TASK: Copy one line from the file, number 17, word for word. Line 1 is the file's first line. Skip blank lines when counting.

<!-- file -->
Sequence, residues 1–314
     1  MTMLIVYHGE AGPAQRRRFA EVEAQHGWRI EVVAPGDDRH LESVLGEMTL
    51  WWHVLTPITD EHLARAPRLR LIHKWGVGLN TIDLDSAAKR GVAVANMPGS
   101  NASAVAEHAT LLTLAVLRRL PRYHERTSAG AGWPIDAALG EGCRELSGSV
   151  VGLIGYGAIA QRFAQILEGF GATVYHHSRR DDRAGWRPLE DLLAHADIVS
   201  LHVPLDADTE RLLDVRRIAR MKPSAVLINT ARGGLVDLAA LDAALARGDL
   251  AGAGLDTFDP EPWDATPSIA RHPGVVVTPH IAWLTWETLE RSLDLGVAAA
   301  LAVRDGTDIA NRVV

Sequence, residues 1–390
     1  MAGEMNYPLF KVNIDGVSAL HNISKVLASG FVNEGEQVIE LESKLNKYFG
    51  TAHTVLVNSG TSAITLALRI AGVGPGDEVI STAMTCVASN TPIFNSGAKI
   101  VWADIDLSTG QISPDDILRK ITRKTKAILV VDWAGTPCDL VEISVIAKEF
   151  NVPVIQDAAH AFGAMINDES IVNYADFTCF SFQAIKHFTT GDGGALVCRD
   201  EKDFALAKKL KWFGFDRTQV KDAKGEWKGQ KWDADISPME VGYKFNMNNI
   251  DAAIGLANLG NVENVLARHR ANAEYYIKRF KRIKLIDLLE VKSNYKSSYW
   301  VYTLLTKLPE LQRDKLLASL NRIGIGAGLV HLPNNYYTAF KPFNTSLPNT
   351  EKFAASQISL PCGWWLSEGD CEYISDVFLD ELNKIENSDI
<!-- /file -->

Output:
   351  EKFAASQISL PCGWWLSEGD CEYISDVFLD ELNKIENSDI